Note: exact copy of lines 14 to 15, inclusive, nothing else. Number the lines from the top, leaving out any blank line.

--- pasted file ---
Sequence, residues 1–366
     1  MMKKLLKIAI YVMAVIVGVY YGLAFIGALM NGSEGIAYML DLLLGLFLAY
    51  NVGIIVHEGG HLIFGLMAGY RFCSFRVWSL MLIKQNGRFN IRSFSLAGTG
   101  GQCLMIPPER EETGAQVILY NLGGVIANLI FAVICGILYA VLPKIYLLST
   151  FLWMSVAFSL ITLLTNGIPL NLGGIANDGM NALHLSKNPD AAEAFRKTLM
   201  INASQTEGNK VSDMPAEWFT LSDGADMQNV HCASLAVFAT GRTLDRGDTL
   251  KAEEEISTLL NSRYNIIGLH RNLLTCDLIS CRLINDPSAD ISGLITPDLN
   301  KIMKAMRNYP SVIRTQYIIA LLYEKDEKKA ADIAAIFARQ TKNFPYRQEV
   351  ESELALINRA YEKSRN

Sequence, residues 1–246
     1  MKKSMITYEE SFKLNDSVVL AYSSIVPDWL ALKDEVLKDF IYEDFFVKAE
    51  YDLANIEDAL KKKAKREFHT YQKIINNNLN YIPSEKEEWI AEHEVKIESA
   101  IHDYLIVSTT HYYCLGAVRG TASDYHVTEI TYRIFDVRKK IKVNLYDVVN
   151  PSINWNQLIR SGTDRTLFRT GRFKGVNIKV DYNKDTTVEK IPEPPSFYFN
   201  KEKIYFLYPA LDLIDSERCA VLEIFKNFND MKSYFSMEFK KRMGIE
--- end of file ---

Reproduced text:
   151  PSINWNQLIR SGTDRTLFRT GRFKGVNIKV DYNKDTTVEK IPEPPSFYFN
   201  KEKIYFLYPA LDLIDSERCA VLEIFKNFND MKSYFSMEFK KRMGIE